Michael Hegarty - can it be fourth time lucky?

Peter Campbell


Peter Campbell

Mickey Hegarty was just nineteen when Declan Bonner called him into the Donegal senior squad at the end of 1998 and had just turned 20 when he made his championship debut against Armagh in June of that year.

Mickey Hegarty was just nineteen when Declan Bonner called him into the Donegal senior squad at the end of 1998 and had just turned 20 when he made his championship debut against Armagh in June of that year.

Hegarty came off the bench and hit the equalising point as Donegal twice came back in the closing minutes to force a replay.

It was to be the first of 36 consecutive championship matches which the Kilcar man played for Donegal between 1991 and 2007 - a fantastic appearance record. On Sunday next the Crowkeeragh man will be playing his 48th championship match for Donegal, opening a four game gap on Brian Roper.

That familiar loping, lazy looking style has been a feature of Donegal teams for a long period. Now the father-figure of the squad, 32-year-old Hegarty can cap it all with a first Ulster medal. His cabinet has only one championship medal - an Ulster minor medal from 1996, while the only other success has come at National League level, Division One and Two medals and Dr. McKenna Cup.

Sunday will be his fourth Ulster final - he is the only member of the present Donegal squad to have played in the three previous Ulster finals - 2002, 2004 and 2006 - all against Armagh and all ending in disappointment.

Even at club level, Kilcar won a minor championship in 1998 - a year after he exited the grade - but it has never seemed to deter him.

Younger brother by seven years, Noel, recalls the excitement that was in the Hegarty household when he was called into the senior panel: “I remember him getting called up to the panel and there was a big buzz about it at the time. He would have been the only Kilcar man in the panel at that time.”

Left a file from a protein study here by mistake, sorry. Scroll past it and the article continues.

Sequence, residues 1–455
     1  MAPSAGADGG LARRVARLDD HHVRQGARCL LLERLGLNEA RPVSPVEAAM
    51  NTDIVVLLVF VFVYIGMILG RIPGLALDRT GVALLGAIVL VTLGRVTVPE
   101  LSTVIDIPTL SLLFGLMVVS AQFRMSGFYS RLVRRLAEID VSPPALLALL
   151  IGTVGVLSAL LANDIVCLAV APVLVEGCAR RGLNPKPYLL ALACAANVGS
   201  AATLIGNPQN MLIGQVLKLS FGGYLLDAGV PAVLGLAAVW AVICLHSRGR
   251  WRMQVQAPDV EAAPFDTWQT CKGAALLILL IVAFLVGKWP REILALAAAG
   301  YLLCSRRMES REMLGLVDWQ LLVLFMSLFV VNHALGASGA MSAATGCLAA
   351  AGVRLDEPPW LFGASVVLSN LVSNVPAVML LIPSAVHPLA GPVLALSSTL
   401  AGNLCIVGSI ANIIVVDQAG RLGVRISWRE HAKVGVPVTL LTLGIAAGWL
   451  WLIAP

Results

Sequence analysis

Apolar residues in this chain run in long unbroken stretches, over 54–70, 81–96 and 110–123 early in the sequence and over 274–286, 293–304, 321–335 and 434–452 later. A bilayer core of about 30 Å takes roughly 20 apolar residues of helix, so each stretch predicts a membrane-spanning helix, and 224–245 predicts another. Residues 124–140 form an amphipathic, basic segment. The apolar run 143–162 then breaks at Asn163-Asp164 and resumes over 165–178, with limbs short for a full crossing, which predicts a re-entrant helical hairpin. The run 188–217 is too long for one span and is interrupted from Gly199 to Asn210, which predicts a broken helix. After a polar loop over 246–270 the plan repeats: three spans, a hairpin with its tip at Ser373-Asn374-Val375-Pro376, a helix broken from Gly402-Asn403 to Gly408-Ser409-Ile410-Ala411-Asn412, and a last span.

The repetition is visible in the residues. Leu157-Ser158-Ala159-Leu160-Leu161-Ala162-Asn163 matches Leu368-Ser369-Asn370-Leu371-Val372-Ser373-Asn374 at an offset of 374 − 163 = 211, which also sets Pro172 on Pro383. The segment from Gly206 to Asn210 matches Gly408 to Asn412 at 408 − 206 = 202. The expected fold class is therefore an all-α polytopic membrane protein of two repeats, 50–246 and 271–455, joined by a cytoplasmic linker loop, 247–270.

Coming from a household that had four boys and two girls, there was always expectation as his father Connie Andy was always described as a talented footballer - the first man to captain a Kilcar championship winning team when the won a Junior Championship in 1972.

From an early age he showed promise. Noel takes up the story again: “I would come home from school. I would be home before him and when he came home he would get me standing in goal and he would be taking shots at me all evening.

“He used to have a pitch set up for himself, soccer goals over in the park. Even at that time he looked an exceptional player. Liverpool were going well at the time and he would have a running commentary on himself and he would always be John Barnes. With me standing in goals, he would tell me that I was Grobbellar, ” said Noel.

“Martin never had big interest while Paddy had good interest when he was younger but when he headed away to Dublin when he was 16 or 17, that finished him.”

After Declan Bonner stepped down at county level, Mickey Moran came in and Donegal made it to the Ulster final in 2002. However, for Michael, it was a difficult time as his mother, Brid, was seriously ill.

“Mum would have passed away a week after the Ulster final and it must have been tough on Michael. It would have been fierce hard to concentrate on the football. I remember myself at the first game against Cavan up in Breffni. That was the last game that mum was at. At the time we didn’t know how bad she was as she was always putting on a brave face. She was happy that Michael played very well that day and she was fierce proud of him, ” said Noel, who said that Michael had been very close his mum.

Noel said that his mother didn’t miss many games that Michael played in. He remembers travelling to places like Omagh and Enniskillen following minor games. “I suppose I was at an age when I didn’t know what was going on but was just following the gang. She would always support him and go to all the matches.

“With having Michael playing county football it was great to look up to him and it was something to aspire to. I was playing minor for a few years and he was in the county seniors and there was a good buzz about the house.

That was a year or two after our mother died and it helped to take our mind off it, ” said Noel.